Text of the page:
Dementia Drugs Come Up Short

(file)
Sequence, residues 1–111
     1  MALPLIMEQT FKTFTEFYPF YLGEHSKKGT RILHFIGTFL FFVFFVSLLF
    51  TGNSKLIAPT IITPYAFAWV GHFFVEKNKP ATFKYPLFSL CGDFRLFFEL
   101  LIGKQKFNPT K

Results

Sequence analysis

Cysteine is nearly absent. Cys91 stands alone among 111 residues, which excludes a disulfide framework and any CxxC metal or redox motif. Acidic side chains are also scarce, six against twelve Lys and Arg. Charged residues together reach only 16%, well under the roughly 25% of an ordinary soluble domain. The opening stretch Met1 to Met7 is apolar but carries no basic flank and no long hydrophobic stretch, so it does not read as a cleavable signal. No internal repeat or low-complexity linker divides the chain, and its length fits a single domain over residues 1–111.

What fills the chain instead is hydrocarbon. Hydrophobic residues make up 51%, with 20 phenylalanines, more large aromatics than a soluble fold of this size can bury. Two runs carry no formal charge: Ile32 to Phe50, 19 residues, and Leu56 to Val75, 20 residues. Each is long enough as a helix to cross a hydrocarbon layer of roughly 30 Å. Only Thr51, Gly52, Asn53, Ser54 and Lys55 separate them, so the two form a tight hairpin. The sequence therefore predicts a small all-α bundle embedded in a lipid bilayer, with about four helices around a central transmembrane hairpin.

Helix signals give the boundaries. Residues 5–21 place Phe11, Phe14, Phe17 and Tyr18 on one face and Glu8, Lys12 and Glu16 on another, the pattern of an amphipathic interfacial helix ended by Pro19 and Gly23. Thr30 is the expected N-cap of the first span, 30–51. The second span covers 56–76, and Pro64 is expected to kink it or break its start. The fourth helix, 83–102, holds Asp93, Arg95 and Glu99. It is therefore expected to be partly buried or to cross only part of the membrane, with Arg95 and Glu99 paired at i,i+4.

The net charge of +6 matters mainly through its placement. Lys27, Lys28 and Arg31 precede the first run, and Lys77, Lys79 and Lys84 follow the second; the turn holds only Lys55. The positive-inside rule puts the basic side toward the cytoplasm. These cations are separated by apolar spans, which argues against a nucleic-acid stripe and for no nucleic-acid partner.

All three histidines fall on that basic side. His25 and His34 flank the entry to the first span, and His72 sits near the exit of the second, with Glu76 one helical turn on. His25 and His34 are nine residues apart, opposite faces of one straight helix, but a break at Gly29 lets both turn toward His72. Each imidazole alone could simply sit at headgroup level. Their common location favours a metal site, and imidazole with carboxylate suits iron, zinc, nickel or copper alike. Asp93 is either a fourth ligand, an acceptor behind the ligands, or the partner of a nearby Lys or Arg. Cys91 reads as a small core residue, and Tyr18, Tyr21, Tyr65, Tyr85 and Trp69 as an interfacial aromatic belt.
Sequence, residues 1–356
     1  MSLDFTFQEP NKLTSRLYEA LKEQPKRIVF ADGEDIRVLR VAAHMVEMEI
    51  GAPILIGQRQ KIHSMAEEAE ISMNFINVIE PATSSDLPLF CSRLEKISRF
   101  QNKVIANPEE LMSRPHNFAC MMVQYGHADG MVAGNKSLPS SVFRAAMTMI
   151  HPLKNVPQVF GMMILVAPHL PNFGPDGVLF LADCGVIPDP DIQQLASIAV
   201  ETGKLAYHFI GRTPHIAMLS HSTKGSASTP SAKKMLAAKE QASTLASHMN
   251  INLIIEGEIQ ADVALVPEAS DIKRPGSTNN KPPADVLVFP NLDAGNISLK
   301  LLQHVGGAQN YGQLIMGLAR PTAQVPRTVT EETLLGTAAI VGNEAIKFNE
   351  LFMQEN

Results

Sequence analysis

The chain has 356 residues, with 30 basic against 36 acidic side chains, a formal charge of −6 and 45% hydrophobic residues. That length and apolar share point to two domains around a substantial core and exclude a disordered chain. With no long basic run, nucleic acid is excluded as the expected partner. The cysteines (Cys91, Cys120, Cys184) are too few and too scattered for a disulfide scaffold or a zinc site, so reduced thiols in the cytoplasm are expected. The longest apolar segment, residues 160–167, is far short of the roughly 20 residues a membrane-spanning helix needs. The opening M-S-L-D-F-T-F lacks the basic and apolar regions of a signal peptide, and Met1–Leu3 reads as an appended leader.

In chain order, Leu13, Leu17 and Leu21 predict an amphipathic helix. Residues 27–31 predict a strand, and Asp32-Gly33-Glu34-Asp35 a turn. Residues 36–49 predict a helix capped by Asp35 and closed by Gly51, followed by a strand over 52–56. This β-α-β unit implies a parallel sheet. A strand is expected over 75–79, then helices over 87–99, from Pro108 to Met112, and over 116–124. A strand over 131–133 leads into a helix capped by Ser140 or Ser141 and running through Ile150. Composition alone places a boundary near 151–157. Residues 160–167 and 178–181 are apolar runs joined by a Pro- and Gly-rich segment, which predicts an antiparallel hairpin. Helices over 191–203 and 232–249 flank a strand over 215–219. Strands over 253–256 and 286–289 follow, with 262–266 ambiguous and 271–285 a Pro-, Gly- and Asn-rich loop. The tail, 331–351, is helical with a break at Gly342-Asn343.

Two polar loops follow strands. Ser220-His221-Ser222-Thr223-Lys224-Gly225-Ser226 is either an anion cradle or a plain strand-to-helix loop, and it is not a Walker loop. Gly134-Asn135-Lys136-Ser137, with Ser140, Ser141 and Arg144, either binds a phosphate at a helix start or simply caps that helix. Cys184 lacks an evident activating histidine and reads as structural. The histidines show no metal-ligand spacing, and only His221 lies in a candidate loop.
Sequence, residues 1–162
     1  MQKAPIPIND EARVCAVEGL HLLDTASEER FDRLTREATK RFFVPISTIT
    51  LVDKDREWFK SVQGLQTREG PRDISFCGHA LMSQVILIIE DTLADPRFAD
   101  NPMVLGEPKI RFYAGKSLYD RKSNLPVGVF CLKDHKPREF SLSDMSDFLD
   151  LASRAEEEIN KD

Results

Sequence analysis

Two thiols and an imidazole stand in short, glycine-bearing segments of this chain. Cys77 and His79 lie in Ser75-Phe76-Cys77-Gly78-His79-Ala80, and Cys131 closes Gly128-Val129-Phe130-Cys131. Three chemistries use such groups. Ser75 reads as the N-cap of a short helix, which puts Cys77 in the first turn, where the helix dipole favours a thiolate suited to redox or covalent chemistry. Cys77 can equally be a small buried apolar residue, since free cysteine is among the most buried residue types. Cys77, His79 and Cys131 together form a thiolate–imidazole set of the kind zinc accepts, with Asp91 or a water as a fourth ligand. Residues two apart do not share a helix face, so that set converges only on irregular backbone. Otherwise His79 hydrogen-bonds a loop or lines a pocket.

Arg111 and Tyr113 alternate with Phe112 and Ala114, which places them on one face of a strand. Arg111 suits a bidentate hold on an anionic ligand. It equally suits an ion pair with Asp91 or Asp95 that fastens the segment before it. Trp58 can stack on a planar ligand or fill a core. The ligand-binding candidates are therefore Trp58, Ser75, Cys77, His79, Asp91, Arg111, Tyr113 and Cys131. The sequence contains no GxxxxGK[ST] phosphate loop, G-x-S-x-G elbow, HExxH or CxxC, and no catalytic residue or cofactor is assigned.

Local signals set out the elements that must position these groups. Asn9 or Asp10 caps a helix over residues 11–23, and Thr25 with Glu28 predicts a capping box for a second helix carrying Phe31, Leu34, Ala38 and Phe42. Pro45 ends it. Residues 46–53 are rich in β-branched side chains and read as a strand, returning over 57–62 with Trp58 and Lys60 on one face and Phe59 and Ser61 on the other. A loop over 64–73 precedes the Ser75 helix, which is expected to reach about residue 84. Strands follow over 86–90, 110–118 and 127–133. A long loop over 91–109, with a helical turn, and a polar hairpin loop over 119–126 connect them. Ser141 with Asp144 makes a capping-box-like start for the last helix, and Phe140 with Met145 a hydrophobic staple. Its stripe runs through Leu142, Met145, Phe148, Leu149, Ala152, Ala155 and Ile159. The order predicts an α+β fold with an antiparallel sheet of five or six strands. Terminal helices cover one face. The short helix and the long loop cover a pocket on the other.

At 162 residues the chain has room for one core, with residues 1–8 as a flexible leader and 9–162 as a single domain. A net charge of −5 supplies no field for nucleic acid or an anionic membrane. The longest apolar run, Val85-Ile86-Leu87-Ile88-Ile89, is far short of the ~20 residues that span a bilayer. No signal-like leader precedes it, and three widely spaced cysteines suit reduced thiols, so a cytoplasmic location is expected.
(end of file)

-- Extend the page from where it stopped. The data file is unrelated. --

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Just recently a close family member suffered a stroke that significantly affected her memory. She had gotten into her car one day leaving the house unlocked and the garage door open and headed off to the mountain to meet a close friend. The only problem was she thought it was 1936 and that she was in California. Twelve hours later (11pm) a young couple were out in the foot hills of the Vegas valley on a deserted dirt road and came across her car stuck on a large rock. They were kind enough to go back to their home and get a jack to lift her car off the rock and drive her and her car to the nearest hospital. A month later she is still very confused but is getting a little bit of her memory back. We like many other families are now faced with the decision of whether or not to place her on any of the 5 available medications for dementia. Several recent studies have indicated that the effectiveness of these drugs is scant. Combine this with the cost ( between $150-$160 a month) and potential side effects doctors and family members should use prudence in placing patients on these medications. One doctor on evaluating these studies made this comment. I use a weight-loss analogy. If you lose a half a pound after taking a weight-loss drug for 6 months, it’s significant if you power the study with enough people, but is that really a meaningful benefit? Terry Pfau DO, HMD